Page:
Free Access
Vet. Res.
Volume 31, Number 1, January-February 2000
Page(s) 74 - 74
How to cite this article Vet. Res. (2000) 74-74
Vet. Res. 31 (2000) 74-74

Development of a serological marker system for epidemiological studies of porcine reproductive and respiratory syndrome virus

L. Yanga, E.A. Nelsonb, T.M. Wellerb, K.-J. Yoona, W. Wub and K.B. Platta

a  Department of Veterinary Microbiology and Preventive Medicine, College of Veterinary Medicine, Iowa State University, Ames, Iowa 50011, USA
b  Department of Veterinary Science, South Dakota State University, Brookings, South Dakota 57007, USA

Abstract - Porcine reproductive and respiratory syndrome (PRRS) continues to be a major viral disease of swine throughout the world. Clinical signs vary between herds, indicating that viruses may differ in pathogenicity. Furthermore, effective use of vaccines and management approaches to control PRRS have not always been successful. Consequently, the objective of this study was to develop a marker system based on epitopic differences among PRRS virus isolates that could be of value in epidemiological studies and possibly allow for correlations to be made between antigenic variations, pathogenicity and effective vaccine use. Accordingly, a panel of 60 monoclonal antibodies (MAbs) representing the products of open reading frames (ORFs) 2 through 7 was used in an indirect fluorescent antibody (IFA) assay to determine the feasibility of categorizing field isolates of PRRS virus. Monoclonal antibodies used in this study were produced at Iowa State University and South Dakota State University, USA. Mice were immunized with whole intact virus particles or selected ORFs 2 and 4 subcloned into a pCDNA3.1/Zeo (+) vector. A total of 60 MAbs were identified and characterized with respect to their protein specificity and isotypes. Two, 3, 6, 3, 3 and 43 MAbs represented products of open reading frames 2 through 7, respectively. The viruses tested in the present study included 177 American field isolates, 3 modified-live vaccine viruses (PRIME PAC PRRS of Schering-Plough Animal Health, RespPRRS / Repro of Boehringer Ingelheim / NOBL Laboratories and Suvaxyn PRRS of Fort Dodge Animal Health). The Lelystad virus was used as European reference isolate. These viruses were propagated in MARC-145 cells in 96-well microtiter plates for the IFA assay. Monoclonal antibodies were categorized into 20 groups based on their seroreactivity patterns with the 177 field isolates, the 3 vaccine viruses and Lelystad virus. The number of groups representing products of ORFs 2 to 7 was 2, 2, 2, 3, 3 and 8, respectively. The seroreactivity patterns of these MAbs also permitted the categorization of the field isolates and vaccine viruses into 25 distinct groups. Group 1 included 52 (28.9%) isolates and was recognized by all 60 MAbs. Group 2 included 61 (33.9%) isolates and was recognized by all MAbs except 3 MAbs representing the ORF3 product. The number of isolates represented by the remaining 22 groups ranged from 1 to 7 isolates. Group 25 included the Lelystad virus that was only recognized by 5 MAbs that represented the ORF 4 and 7 products. The vaccine viruses, PRIME PAC PRRS, Suvaxyn PRRS and RespPRRS / Repro could be differentiated from each other. However, only PRIME PAC PRRS and Suvaxyn PRRS could be distinguished from field isolates. The preceding data further demonstrates that MAbs specific for 6 proteins can be used to categorize PRRS virus isolates and vaccine viruses based on antigenic variability. This ability to categorize PRRS viruses may prove useful in providing a virus marker system for epidemiological studies. The stability of these isolates in pig populations must still be determined before the value of a serological marker system can be fully evaluated.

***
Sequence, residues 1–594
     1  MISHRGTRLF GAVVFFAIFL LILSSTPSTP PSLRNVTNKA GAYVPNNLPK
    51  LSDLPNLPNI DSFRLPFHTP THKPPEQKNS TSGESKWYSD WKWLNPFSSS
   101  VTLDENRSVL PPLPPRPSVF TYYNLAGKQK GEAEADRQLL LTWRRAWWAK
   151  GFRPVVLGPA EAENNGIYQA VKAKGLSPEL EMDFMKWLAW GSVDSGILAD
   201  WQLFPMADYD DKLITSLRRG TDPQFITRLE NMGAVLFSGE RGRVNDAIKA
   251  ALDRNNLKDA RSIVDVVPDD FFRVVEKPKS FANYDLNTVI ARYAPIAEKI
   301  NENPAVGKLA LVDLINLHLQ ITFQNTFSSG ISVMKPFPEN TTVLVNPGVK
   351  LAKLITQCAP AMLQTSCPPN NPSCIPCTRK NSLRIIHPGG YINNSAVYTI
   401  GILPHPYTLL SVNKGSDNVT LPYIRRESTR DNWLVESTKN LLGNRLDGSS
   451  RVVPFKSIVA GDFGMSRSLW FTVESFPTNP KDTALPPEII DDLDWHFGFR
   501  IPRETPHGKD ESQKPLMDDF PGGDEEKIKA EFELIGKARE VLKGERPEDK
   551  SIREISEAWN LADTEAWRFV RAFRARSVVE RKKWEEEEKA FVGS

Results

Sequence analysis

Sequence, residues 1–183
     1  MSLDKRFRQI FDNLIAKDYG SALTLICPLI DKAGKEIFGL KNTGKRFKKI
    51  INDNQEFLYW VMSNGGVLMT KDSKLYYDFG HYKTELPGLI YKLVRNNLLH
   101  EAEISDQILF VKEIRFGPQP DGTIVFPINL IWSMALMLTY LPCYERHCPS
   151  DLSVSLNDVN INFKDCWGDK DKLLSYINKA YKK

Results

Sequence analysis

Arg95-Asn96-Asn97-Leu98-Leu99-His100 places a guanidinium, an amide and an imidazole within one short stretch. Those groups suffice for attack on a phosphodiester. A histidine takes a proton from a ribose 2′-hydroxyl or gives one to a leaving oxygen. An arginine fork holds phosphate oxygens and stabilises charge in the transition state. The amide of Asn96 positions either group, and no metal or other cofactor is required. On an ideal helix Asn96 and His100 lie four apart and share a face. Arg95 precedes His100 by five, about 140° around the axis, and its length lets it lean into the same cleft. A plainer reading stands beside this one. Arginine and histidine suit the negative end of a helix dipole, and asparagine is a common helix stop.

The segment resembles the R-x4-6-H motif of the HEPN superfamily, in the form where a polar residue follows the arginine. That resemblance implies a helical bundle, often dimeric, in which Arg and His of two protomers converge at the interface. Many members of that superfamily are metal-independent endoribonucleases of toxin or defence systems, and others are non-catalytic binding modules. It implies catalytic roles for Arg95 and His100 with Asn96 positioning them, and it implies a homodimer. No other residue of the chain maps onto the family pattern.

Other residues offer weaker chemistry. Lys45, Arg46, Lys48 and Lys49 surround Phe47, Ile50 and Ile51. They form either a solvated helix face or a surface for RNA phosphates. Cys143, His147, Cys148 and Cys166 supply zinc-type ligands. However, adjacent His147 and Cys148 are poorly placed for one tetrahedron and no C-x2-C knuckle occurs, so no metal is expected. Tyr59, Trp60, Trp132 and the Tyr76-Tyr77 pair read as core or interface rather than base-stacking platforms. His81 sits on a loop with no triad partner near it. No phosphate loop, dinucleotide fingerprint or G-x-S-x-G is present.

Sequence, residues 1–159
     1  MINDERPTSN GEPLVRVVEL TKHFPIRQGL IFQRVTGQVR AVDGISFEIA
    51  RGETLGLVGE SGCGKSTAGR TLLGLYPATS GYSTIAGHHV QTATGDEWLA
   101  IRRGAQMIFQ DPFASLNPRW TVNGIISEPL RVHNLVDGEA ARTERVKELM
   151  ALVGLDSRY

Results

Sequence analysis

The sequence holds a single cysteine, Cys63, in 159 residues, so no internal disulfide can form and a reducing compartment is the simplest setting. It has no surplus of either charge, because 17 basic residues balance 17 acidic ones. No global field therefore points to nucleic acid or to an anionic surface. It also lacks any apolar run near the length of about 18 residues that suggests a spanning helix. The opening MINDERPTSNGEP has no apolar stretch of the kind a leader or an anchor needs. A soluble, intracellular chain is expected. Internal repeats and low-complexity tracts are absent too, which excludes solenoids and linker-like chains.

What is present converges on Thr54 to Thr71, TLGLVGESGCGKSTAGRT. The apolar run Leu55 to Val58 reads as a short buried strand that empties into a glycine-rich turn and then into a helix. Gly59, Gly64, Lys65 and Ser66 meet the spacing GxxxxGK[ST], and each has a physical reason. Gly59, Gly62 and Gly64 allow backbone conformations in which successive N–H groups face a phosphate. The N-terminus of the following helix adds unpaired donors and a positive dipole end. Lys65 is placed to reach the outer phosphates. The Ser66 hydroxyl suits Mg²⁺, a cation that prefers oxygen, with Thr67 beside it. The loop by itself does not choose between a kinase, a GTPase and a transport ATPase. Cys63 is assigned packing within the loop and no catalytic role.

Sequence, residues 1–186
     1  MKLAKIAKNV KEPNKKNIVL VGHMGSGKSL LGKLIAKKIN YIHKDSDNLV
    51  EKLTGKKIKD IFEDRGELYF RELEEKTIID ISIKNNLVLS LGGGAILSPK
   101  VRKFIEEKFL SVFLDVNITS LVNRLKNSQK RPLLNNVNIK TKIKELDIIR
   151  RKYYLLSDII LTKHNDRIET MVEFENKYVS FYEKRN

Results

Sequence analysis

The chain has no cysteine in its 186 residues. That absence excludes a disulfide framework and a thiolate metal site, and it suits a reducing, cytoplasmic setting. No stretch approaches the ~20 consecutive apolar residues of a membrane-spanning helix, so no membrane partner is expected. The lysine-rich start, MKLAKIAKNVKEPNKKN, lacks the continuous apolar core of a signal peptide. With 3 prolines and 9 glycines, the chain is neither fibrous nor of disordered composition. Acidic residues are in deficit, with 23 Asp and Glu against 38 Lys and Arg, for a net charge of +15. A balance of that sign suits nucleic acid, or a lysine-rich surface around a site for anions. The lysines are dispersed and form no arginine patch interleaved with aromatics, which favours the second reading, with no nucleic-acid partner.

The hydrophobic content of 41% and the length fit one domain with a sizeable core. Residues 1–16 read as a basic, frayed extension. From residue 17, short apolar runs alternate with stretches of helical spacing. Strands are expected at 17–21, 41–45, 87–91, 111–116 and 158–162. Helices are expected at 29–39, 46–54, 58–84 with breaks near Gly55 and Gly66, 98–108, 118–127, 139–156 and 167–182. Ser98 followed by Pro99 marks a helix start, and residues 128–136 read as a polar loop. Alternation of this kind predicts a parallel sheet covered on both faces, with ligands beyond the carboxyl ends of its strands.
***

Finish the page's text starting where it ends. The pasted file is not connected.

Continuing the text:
Corresponding author: K.B. Platta Tel.: (1) 515 294 4940; fax: (1) 515 294 5509;

© INRA, EDP Sciences 2000